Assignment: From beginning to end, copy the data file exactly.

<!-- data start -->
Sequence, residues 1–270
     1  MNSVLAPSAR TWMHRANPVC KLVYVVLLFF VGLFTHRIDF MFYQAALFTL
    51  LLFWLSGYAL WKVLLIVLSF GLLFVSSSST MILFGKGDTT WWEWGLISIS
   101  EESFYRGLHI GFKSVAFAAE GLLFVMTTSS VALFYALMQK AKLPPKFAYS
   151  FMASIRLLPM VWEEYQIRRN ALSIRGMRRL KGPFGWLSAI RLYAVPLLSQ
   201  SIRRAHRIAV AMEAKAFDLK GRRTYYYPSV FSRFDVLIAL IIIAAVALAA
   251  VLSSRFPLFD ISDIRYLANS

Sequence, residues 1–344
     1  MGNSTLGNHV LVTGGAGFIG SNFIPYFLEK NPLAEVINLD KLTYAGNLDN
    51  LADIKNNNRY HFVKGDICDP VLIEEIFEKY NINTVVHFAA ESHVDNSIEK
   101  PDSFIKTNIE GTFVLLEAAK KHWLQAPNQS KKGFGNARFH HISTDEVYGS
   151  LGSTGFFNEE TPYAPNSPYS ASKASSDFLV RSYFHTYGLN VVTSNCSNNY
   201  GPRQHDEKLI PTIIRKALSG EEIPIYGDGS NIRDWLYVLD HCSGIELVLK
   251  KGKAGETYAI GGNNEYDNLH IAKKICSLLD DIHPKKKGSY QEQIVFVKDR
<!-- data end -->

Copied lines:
Sequence, residues 1–270
     1  MNSVLAPSAR TWMHRANPVC KLVYVVLLFF VGLFTHRIDF MFYQAALFTL
    51  LLFWLSGYAL WKVLLIVLSF GLLFVSSSST MILFGKGDTT WWEWGLISIS
   101  EESFYRGLHI GFKSVAFAAE GLLFVMTTSS VALFYALMQK AKLPPKFAYS
   151  FMASIRLLPM VWEEYQIRRN ALSIRGMRRL KGPFGWLSAI RLYAVPLLSQ
   201  SIRRAHRIAV AMEAKAFDLK GRRTYYYPSV FSRFDVLIAL IIIAAVALAA
   251  VLSSRFPLFD ISDIRYLANS

Sequence, residues 1–344
     1  MGNSTLGNHV LVTGGAGFIG SNFIPYFLEK NPLAEVINLD KLTYAGNLDN
    51  LADIKNNNRY HFVKGDICDP VLIEEIFEKY NINTVVHFAA ESHVDNSIEK
   101  PDSFIKTNIE GTFVLLEAAK KHWLQAPNQS KKGFGNARFH HISTDEVYGS
   151  LGSTGFFNEE TPYAPNSPYS ASKASSDFLV RSYFHTYGLN VVTSNCSNNY
   201  GPRQHDEKLI PTIIRKALSG EEIPIYGDGS NIRDWLYVLD HCSGIELVLK
   251  KGKAGETYAI GGNNEYDNLH IAKKICSLLD DIHPKKKGSY QEQIVFVKDR